In simple terms, given the reality of the job market in Nigeria, every student must have a double approach. You must align your college pursuit with your interests, talent and passion as you pursue your college degree in order to add value to the development of your potential and, therefore, there must be a value change in your academic pursuit.

However, there is need to re-calibrate our educational system to produce job creators instead of churning out “certificate-carrying job seekers.” No matter what statistics you use, the simple fact is that there are no jobs; therefore, we must focus on job creation within an enabling environment. The framework needs a systematic re-engineering to harness the available massive potential, especially among the Nigerian youths, rather than suppress the edge of creativity through the system that awards empty certificates. Research indicates that our greatest room for growth is in the areas of our greatest strength. Any potential you have is of priceless worth when developed into a value-adding product and/or service. Among other advantages is the potential that is enduring while creativity and motivation are inherent. Within this area, you can create a job for yourself and others even before graduation. You can focus on the development of your potential through formal or informal education rather than become a trailer driver for long distance haulage of cement, sugar, pasta and salt on our poorly maintained roads which are indeed death traps for a PhD certificate holder!

Furthermore, it is important to refer to last World Economic Forum 2012 where the founder and chairman of the forum, Professor Klaus Schwab, shocked the world with his declaration that “capitalism in its current form no longer fits the world around us, rather, the success of any nation and business model for competitiveness in the future will be less based on capital and much more on talent.” This transition he described as “moving from capitalism to talentism.”

Now let us look of the latest “buzz” word in the global world of education, “entrepreneurship education.” Entrepreneurship is a factor in micro-economics and its study dates back to the works of Richard Cantilon and Adam Smith in the 17th and 18th centuries. The study, however, became more prominent in business and economics when Professor Alfred Marshal in 1890 proposed the four factors of production as land, labour, capital and organisation. He further posited that organisation is the coordinating factor, which brings all the other three factors together while the driving force behind organisation is entrepreneurship. Wikipedia free encyclopedia describes entrepreneurship as a process of identifying and starting a business venture, sourcing and organising the required resources and taking both the risks and rewards associated with the venture.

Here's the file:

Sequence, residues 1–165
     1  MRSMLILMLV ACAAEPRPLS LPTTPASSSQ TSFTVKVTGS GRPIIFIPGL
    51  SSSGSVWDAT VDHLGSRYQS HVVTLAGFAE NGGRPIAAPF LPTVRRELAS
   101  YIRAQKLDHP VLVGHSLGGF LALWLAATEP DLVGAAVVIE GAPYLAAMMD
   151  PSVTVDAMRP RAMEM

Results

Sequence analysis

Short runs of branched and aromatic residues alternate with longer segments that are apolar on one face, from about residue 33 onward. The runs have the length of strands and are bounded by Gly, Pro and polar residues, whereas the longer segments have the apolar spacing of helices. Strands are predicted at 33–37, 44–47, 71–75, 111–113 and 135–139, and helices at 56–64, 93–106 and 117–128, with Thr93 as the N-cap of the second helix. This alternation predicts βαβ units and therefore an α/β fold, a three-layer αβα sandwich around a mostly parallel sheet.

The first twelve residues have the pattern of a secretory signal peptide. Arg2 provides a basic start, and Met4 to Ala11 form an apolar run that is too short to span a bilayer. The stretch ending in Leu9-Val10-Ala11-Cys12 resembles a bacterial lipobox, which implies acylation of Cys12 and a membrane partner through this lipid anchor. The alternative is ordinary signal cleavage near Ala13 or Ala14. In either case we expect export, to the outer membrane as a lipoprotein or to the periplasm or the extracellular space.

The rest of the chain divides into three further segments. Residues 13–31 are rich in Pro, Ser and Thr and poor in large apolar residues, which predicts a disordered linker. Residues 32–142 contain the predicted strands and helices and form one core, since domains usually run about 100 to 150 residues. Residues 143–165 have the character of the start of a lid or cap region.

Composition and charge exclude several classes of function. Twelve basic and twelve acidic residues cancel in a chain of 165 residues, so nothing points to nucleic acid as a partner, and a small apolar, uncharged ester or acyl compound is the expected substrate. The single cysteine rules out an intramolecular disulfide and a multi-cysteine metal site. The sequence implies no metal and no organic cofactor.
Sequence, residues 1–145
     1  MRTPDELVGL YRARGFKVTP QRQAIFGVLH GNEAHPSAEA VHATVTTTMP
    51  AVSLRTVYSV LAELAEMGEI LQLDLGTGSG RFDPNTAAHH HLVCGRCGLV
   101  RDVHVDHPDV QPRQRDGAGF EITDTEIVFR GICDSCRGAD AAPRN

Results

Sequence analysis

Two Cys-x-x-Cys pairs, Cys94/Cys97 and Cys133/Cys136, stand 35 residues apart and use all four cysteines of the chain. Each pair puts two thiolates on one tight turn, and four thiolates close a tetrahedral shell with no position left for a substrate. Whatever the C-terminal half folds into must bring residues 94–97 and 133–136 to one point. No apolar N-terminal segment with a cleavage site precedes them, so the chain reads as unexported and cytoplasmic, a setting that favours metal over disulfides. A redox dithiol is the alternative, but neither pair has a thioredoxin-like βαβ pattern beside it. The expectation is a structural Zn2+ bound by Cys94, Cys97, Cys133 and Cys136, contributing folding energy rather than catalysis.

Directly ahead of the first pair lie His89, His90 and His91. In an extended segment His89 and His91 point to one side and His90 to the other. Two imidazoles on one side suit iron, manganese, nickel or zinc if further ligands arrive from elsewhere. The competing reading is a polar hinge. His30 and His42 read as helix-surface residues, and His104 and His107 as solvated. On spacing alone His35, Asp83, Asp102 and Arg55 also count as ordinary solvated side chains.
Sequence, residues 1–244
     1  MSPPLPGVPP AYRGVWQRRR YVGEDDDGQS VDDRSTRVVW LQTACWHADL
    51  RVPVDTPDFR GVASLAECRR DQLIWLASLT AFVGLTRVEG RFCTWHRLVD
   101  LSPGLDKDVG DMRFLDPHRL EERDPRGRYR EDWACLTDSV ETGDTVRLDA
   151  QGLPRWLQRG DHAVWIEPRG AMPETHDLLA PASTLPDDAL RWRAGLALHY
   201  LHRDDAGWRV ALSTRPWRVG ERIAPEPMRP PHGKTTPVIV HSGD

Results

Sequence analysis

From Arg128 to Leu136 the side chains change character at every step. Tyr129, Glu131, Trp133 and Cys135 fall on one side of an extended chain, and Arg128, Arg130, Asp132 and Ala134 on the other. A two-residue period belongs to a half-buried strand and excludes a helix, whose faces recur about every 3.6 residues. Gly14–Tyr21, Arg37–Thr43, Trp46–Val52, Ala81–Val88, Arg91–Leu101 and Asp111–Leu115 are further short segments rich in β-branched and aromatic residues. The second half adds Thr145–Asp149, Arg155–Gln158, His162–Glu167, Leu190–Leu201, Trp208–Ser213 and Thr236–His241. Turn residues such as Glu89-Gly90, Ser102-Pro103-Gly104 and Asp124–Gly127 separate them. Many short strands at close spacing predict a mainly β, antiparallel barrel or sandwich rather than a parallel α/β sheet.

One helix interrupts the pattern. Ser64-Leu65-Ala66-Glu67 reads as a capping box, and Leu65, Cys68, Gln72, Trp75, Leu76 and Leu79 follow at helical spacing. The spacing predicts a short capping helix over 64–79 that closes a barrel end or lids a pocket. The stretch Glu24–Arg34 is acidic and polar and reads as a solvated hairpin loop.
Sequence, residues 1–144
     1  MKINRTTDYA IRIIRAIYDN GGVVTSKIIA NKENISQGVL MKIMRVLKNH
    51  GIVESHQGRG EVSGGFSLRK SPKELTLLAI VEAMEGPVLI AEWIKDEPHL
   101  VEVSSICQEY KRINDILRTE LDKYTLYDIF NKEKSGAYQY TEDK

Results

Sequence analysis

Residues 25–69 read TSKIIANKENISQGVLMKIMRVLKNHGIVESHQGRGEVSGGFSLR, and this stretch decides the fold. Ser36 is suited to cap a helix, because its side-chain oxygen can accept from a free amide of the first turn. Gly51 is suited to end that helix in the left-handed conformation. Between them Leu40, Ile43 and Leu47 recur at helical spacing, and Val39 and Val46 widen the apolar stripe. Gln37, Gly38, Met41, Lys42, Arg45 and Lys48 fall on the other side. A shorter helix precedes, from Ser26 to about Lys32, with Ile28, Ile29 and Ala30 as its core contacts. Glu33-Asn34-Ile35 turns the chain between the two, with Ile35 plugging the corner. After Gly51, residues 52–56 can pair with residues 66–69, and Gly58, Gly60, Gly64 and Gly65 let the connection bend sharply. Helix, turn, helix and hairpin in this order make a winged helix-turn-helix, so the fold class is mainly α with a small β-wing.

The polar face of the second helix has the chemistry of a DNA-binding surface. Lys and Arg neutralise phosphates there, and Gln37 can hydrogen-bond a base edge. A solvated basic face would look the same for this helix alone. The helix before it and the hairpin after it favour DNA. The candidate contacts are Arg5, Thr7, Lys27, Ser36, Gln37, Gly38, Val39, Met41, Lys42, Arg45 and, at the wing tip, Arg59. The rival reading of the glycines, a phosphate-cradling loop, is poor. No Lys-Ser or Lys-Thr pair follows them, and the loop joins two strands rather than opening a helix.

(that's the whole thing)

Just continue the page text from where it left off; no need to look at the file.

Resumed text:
The word entrepreneurship is derived from the French verb ‘entreprendre’ which means “to undertake.” Literarily, it refers to an individual who undertakes innovations or introducing new things, finance and business acumen in an effort to transform such innovations into economic goods, services and financial gains and personal satisfaction.

The purpose of entrepreneurship education is, therefore, to promote and encourage early business interest amongst the youths by energising their entrepreneurial spirit and creating the mindset of self-employment – passion, talent, gift, skill and interest.

There are examples and referrals all over the world where the adoption of entrepreneurship education for the youths has boosted the techno-economic dynamics and overall national development through the emergence of Small and Medium Scale Enterprises, SMEs, in such countries. Such notable examples include but not limited to: